With Roman Catholics deeply entrenched against relaxing Brazil’s restrictive abortion laws and other groups like Anglicans on the fence, a progressive Baptist leader says it’s time to hear from poor women fearing birth defects who seek them.
An indigenous Baptist leader says Brazil should consider easing restrictions on abortion in light of the mosquito-borne Zika virus and its apparent link to an outbreak of microcephaly, a congenital condition in which babies are born with unusually tiny heads.
“We understand this is an issue that needs to be discussed with society in a much more open and democratic manner,” Joel Zeferino, president of the Alliance of Baptists of Brazil, said in a story about a debate raging among Christian groups in the country reported by Catholic News Service.
President Dilma Rousseff has appealed to Christian churches to educate their congregations about the Zika fever breakout which began last April in Brazil and subsequently spread to 20 countries in Latin America and the Caribbean.
A recent meeting of the National Council of Christian Churches on water sanitation spilled over into abortion, which is illegal in Brazil except in cases of rape, danger to the life of the mother or anencephaly, a rare birth defect in which the brain and skull do not develop.
The Brazilian Conference of Catholic Bishops released a statement Feb. 4 saying the health crisis sparked by the Zika virus is “no justification whatsoever to promote abortion.”
Five governments so far are advising women to avoid pregnancy until the epidemic has been controlled, perhaps for several years.
Zeferino, pastor of Igreja Batista Nazareth in Salvador, said it’s time to expand the discussion to other sectors of society.
“We need to include in this debate the women who suffer these abortions, the women who live on the outskirts of our cities, the black women,” said Zeferino, part of a delegation from Brazil that visited the 2013 annual meeting of the Alliance of Baptists in Greenville, S.C.
“These are the ones who, in fact, resort to illegal abortions,” he said. “We need to empower these women with voices so they have their say as many don’t have access to even basic health rights.”
The Alliance of Baptists of Brazil was begun in 2005 by about 60 Baptists who fell out of favor with the Brazilian Baptist Convention because of their socially progressive views. Differences included theological education, women’s ordination, how to treat gays and lesbians, ecumenical involvement and influence by Southern Baptist missionaries serving with the International Mission Board.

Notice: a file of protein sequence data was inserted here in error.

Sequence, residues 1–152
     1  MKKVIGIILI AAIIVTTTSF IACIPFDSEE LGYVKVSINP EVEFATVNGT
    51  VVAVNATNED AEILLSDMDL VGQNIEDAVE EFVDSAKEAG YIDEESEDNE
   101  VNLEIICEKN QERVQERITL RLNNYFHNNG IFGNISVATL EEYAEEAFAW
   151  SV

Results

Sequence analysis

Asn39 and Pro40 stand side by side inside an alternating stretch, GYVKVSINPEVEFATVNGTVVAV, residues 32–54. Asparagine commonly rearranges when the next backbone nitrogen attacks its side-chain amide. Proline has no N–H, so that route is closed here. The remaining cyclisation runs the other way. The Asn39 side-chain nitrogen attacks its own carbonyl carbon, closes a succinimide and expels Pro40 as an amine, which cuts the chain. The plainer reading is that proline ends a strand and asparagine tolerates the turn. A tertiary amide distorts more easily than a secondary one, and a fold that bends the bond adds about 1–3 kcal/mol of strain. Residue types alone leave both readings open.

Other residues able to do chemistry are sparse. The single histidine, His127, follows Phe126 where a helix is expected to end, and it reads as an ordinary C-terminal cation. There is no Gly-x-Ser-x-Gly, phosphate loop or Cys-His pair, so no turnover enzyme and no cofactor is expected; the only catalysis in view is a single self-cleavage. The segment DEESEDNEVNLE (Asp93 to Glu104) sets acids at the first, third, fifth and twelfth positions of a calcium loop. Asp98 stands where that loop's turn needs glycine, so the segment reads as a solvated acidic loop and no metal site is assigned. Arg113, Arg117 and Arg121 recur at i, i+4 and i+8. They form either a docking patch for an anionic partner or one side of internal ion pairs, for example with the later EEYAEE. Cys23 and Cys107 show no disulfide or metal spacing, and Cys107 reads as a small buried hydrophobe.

The group organized as a “fraternal partner” with the Alliance of Baptists, a U.S.-based group formed over similar pressure points in the Southern Baptist Convention in 1987. While not formally sponsored by the American group, the Alliance of Baptists of Brazil adopted a Portuguese translation of the Alliance of Baptists’ covenant and mission as their own.
Brazil’s president recently received religious leaders from different denominations at the Presidential Palace, asking them to mobilize churches to help eliminate breeding grounds of the Aedes aegypti mosquito, which carries Zika and other viruses that can affect humans.
The genus is found throughout the world and lays its eggs in standing water that collects in artificial containers like old tires, flowerpots, gutters and trashcans as well as in flood plains and crevices that occur in nature.
“It is necessary that the churches take their social role mobilizing the faithful to fight various problems related to sanitation, but, in particular, combating Aedes aegypti,” Zeferino told the Brazilian newspaper O Globo.
Health officials aren’t 100 percent certain that Zika is behind the recent uptick increase in babies born with microcephaly, a rare but lifelong condition with no known cure that can be diagnosed during pregnancy with an ultrasound.
The U.N. High Commissioner for Human Rights said Feb. 5 that reproductive health services must be part of any effective public health strategy to fight the Zika virus.
LifeNews.com, an anti-abortion news service based in Fort Collins, Colo., urged readers to “contact the Alliance of Baptists of Brazil and tell them to protect unborn babies from abortion.”